Anyway, many years after they first asked, we were able to give the Kelowna public health team a nice outbreak reconstruction and tell them “yes, your management strategy is working”.

    A few more years passed, and on one of our regular outbreak management team conference calls, the new Medical Health Officer for Kelowna, Sue Pollock, brought up the idea of declaring the outbreak over – incident cases had been declining, and only one case was diagnosed in 2014. There’s no great definition for a TB outbreak being “over”, but the generally accepted wisdom is that if you don’t have transmissions occurring for two years, you can stand down (though you’ll always get a long tail of cases that continue to activate over many years). The problem is that because TB can go latent and then wake up years after the actual transmission, it’s hard to tell whether a case you’ve just diagnosed is somehow who was just infected or whether they were infected years earlier and are just progressing to active disease now. If the former, boo – your outbreak isn’t over. If the latter, congratulations.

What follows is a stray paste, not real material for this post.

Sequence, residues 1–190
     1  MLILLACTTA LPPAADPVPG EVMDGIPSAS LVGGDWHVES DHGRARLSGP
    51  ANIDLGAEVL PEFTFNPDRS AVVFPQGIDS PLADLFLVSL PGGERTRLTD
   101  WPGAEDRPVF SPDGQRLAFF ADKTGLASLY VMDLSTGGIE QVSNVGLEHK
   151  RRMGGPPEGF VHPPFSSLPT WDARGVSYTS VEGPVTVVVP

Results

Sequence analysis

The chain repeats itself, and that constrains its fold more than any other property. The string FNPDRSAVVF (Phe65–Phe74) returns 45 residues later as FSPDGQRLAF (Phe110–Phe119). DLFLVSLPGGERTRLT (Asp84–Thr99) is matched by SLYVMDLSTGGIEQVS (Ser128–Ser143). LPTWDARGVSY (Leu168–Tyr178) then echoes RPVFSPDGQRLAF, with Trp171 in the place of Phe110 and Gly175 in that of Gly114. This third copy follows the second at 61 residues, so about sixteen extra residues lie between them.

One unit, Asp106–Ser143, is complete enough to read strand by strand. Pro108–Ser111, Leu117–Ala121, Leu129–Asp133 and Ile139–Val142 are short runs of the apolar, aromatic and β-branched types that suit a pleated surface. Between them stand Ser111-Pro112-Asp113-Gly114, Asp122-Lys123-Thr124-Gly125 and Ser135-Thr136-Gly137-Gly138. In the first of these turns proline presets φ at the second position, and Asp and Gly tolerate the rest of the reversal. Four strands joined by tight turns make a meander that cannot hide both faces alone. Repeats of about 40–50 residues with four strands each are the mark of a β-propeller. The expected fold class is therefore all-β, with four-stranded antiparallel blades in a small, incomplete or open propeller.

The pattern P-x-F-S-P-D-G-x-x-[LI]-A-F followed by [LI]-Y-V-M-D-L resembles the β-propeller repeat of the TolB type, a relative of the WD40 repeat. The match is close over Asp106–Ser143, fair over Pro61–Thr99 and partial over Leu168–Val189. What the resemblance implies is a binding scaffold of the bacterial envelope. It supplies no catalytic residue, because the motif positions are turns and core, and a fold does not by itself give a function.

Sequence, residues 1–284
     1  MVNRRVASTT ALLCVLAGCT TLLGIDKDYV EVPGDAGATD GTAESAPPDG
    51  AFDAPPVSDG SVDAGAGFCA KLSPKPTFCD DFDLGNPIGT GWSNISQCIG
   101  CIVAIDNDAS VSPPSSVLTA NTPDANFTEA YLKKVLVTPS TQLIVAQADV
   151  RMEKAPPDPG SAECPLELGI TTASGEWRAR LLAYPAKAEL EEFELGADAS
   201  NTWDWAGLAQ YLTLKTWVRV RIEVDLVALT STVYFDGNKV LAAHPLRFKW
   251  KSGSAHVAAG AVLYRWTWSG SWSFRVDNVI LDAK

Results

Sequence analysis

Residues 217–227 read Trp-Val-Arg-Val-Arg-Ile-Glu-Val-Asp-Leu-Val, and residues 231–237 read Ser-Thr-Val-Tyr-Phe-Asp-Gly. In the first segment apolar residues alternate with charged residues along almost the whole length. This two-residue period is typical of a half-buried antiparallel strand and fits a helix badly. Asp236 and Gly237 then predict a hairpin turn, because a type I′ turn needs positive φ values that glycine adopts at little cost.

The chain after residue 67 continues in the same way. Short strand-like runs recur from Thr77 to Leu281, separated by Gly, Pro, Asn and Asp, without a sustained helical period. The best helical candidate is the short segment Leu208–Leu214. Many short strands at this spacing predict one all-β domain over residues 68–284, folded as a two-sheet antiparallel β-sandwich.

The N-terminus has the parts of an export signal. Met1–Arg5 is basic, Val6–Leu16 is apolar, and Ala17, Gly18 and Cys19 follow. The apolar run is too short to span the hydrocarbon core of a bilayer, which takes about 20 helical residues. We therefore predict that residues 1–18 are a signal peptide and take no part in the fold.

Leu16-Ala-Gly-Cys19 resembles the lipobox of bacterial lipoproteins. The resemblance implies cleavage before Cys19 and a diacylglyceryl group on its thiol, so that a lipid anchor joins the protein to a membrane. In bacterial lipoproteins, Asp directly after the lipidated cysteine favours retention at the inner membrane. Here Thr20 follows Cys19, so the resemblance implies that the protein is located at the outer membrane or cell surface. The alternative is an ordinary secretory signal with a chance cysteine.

Sue was familiar with the TransPhylo method and how it could date the time at which a person had likely become infected, and she raised the idea of using genomics to determine whether the outbreak had truly ended – were the cases we saw in 2013/14 the result of recent transmission or had they been infected earlier? Patrick Tang, who was leading BCCDC’s mycobacteriology laboratory at the time, extracted DNA from the 15 cases we had diagnosed since our 2011 genomics study and got them onto our in-house MiSeq in late 2014. The data arrived right before Christmas, and by early January 2015, Xavier and Caroline had reported some preliminary TransPhylo data back suggesting the last transmission occurred in mid-2012. We shared this with Sue and her team on a conference call in late January, and the outbreak was declared over shortly thereafter.

    Caroline’s student Hollie had an idea for improving the accuracy of our timing inference by replacing TransPhylo’s SIR model with a branching model, so she set to work on that task. When we revisited the data with her updated model later in 2015, we again got the happy result that transmission ended mid-2012. Hollie presented the work as a poster at Epidemics, and as a group, we wrote it up in January 2016. That’s the preprint that’s up on biorxiv now – a brief writeup of the analysis and details on the branching model.

    The genomic data for this paper is (mostly) up at ENA – I say “mostly” because all the genome files are on their server but I keep getting an MD5 checksum error for many of the files that I haven’t had a chance to fix yet. As soon as I get that sorted (next few weeks, hopefully), I’ll write up a little bit about the dataset and post it here.